The chain of custody of evidence is one of the most important aspects of investigating the government’s case against a criminal defendant. Blood work, scientific evidence on weapons, and narcotics are usually the most common items where a break in the chain of custody can result in that evidence being suppressed (thrown out). If that happens, the prosecution’s case becomes much weaker and could result in dismissal of the case.
For instance, once a substance has been seized from an individual by a law enforcement officer and then packaged, it will be often sealed and transferred to the lab. Each time that package is transferred or the seal is broken, it should be known who did it and why it happened. Further, if where it was opened could affect the validity of any testing, that also causes a problem for admitting the evidence. In other words, chain of custody should establish four things: (1) who handled the evidence, (2) when it was handled, (3) why is was being handled, and (4) if any changes were made to the evidence during its handling.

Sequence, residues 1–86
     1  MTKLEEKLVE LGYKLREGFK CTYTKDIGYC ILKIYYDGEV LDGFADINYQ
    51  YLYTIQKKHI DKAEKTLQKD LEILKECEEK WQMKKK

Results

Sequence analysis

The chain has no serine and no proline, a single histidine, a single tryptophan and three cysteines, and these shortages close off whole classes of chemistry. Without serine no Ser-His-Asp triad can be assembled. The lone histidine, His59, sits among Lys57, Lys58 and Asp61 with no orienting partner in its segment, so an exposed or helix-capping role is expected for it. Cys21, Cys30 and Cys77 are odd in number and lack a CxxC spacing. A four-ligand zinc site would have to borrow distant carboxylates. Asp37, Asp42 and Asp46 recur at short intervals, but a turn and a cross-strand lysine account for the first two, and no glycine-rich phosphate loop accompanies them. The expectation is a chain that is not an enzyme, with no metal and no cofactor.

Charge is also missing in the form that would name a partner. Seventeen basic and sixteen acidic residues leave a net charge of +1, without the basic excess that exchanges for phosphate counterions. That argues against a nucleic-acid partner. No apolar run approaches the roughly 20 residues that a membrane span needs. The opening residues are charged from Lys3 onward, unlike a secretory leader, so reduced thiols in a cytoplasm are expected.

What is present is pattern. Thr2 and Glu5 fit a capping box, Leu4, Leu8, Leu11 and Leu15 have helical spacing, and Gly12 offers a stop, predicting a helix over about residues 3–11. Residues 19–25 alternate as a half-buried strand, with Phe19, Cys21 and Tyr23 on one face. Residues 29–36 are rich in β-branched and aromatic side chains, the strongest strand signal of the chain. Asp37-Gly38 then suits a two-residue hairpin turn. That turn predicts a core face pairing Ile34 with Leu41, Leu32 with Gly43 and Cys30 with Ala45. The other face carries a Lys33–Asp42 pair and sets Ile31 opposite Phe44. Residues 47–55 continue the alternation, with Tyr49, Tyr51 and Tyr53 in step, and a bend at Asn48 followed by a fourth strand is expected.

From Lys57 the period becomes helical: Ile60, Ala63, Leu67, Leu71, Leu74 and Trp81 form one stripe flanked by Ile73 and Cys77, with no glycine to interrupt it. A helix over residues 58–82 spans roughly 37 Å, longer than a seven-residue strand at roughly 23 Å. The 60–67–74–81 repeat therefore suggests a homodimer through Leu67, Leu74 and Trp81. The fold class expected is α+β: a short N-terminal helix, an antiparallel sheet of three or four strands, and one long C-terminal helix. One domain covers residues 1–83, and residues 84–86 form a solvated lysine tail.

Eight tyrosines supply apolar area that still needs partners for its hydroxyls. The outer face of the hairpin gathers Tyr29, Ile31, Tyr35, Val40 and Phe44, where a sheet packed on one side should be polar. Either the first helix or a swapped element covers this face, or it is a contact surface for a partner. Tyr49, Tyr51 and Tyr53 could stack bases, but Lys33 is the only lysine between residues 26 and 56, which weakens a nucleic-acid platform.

Some departments will have specific policies and procedures that should be followed by officers, lab technicians, and evidence locker custodians. The importance of this is twofold: (1) that the evidence presented in court is the same evidence that was found in regards to the alleged crime, (2) that the testing of evidence wasn’t spoiled.
At Henderson & Waterkotte, P.C., our attorneys are skilled at evaluating and investigating the chain of evidence to determine if it can still be used against the defendant in a court of law. If you have been charged with a crime contact our firm anytime to discuss you rights and how to fight the government’s case against you. A lawyer is available 24/7.